Reggae, along with blues, jazz and country, is one of the few genres in which aging actually benefits your appeal as an artist. Burning Spear is a legend. Had he played pop music, he'd be little more than a trivia question. February being Black History Month and Bob Marley's birth month, U.K. reggae icons Steel Pulse return to one of their favorite destinations-San Diego. We spoke with original member Selwyn Brown about Bob Marley, black America and the music he loves.
CityBeat: Our local radio station will basically only play one reggae artist-Bob Marley. Why do you think their scope of reggae is limited to him when there are so many great artists?
Selwyn Brown: Partly because he still remains the most widely known reggae artist even though he left us physically 24 years ago. Also, many mainstream stations are governed by the wishes of the station producers who will not step outside of the "safe" formats. Even in England, reggae music still gets a fight when it comes to mainstream exposure, which has led to the growth of the pirate stations. These are illegal stations but they provide an invaluable service for reggae music, especially in the inner cities.
No matter who I talk to, most people I know consider True Democracy to be your finest album. Why do you think that the album resonates with people?
I think True Democracy gains its popularity partly because of the simple, direct messages and also because there is a certain urgency in the music which we managed to achieve. Certain songs have become Steel Pulse/reggae anthems which audiences always call for, especially "Rally Round," "Chant A Psalm" and "Blues Dance Raid."
Is Black History Month important to you guys? Do you think it has an impact?
Black History Month has always been important to us as it provides a time in the calendar where people can focus on the achievements of African-Americans in all fields and also makes people of all races realize the enormous contribution that black people have made to the world and society. In the U.S.A. especially, where racism is still a major problem, it helps to reduce the ignorance, which still exists toward the Black Diaspora. We have always strived to educate as well as entertain, and Black History Month provides the perfect forum for us to express our message.
As international stars, you guys are likely treated with less racism than the "average" black man. Have you noticed that? If so, how much does class status dilute racism? And is that satisfying, or not?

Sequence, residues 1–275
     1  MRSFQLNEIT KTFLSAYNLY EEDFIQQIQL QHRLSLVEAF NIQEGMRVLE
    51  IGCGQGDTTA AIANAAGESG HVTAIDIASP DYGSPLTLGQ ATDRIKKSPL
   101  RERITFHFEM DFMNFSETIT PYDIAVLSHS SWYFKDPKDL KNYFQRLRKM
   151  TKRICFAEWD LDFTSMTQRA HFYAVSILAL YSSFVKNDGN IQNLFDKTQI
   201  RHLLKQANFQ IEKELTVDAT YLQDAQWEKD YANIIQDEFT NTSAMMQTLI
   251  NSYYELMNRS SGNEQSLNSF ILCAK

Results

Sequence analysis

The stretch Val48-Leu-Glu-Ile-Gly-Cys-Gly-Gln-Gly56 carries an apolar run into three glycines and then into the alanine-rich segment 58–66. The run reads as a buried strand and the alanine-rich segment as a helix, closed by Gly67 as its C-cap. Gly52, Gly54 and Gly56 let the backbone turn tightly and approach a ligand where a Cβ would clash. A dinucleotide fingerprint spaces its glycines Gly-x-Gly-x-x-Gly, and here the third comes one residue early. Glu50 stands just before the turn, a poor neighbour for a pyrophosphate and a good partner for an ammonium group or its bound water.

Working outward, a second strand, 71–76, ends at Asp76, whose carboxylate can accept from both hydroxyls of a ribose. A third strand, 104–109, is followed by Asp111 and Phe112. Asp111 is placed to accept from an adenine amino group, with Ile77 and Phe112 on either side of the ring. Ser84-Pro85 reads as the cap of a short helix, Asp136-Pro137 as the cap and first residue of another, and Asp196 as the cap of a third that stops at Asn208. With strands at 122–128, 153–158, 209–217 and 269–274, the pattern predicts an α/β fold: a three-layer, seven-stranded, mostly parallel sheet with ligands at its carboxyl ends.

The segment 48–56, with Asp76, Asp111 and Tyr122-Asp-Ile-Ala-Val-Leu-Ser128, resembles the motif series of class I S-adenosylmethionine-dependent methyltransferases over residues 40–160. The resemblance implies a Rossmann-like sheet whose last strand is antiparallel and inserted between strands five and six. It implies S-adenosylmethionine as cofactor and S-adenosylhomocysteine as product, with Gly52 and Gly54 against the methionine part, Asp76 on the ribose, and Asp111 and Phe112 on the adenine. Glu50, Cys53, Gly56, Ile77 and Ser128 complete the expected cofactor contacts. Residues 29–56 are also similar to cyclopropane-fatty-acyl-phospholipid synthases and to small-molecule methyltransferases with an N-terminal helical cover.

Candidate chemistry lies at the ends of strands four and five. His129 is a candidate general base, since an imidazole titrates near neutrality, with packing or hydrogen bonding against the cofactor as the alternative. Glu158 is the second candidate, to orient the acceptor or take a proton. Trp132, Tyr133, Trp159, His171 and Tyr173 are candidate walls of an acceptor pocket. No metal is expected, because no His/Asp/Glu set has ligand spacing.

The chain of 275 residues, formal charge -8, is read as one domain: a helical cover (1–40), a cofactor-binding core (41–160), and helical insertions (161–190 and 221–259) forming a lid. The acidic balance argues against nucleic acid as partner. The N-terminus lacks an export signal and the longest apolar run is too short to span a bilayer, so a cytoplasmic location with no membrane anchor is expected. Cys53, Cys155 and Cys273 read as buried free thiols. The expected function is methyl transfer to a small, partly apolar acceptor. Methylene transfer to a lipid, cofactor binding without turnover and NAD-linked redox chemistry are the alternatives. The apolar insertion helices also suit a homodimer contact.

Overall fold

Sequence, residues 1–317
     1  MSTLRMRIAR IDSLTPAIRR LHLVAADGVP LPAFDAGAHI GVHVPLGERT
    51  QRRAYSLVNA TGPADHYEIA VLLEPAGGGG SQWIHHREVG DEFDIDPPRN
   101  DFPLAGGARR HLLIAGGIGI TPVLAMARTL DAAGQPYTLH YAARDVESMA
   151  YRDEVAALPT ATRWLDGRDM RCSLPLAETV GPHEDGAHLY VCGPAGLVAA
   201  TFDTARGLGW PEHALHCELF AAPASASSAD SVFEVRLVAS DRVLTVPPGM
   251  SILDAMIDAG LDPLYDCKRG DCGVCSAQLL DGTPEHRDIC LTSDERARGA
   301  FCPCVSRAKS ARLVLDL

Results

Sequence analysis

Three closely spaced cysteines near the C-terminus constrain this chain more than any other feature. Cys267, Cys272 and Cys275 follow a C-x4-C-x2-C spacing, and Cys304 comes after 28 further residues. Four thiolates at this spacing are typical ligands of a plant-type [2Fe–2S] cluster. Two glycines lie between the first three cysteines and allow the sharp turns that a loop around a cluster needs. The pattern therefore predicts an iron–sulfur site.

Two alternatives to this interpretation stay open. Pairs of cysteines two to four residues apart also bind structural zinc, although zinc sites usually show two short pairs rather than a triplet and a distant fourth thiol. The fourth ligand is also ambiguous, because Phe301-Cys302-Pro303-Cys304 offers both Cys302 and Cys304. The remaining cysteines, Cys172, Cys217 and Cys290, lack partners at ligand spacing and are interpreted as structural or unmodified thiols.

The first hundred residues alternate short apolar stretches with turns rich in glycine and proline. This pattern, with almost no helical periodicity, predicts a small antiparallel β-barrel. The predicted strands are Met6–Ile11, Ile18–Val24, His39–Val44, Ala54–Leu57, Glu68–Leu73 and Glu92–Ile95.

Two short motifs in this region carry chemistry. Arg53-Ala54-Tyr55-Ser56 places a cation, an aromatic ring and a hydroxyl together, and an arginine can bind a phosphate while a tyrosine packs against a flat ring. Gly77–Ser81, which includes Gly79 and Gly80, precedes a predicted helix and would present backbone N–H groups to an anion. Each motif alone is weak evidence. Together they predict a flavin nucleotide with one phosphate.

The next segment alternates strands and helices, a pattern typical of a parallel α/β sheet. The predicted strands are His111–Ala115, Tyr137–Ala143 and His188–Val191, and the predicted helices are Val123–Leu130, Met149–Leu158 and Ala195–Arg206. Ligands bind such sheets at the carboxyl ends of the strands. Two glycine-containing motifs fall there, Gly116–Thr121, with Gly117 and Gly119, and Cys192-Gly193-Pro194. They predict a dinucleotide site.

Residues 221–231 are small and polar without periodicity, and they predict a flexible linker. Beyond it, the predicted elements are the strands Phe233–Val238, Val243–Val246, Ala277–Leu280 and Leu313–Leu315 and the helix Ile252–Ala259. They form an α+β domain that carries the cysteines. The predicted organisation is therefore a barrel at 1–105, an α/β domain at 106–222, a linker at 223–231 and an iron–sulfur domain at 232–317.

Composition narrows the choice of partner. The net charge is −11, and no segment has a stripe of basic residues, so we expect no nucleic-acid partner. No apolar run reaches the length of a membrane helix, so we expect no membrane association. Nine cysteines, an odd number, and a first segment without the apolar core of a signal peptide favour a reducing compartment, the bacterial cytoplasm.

Even though we have achieved a certain amount of celebrity, we still come face to face with racism. For example, as mentioned earlier, reggae music still gets a fight, partly due to institutionalized racism from certain record companies, media institutions, etc. I still get stopped by English cops asking me if I actually bought the car that I drive. There have been very few situations where I can recall us getting preferential treatment racially because of our celebrity. Also it is not something that would provide me with any pride as racism is one of the ills that we have always tackled head on and will continue to do so.
Now, how the hell have you managed to remain a band for 30 years? Most people in America switch jobs every three.
We initially made a conscious decision to try and create music that would inspire people in the same way that we felt inspired by the roots music that we listened to coming out of Jamaica. Also we have always worked very hard in the studio... on our live shows... and we've strived to maintain the comradeship that we nurtured throughout our high-school days and beyond. We try also to stay as healthy as we can, and we're fully aware that many things can slow down with the onset of ill health. Finally, our faith in the Almighty remains undiminished, and we never forget that everything could end tomorrow if we take our position for granted.
Steel Pulse plays "Bob Marley Day" with Alpha Blondy, Jimmy Cliff, Israel Vibration, Barrington Levy, Don Carlos, Misty in Roots, Martin Campbell, Gentlemen, Tanya Stephens, Tribo de Jah and Kush & Blood Fiyah Angels at the San Diego Sports Arena, 1 p.m. on Feb. 21. $30-$50. 619-220-8497.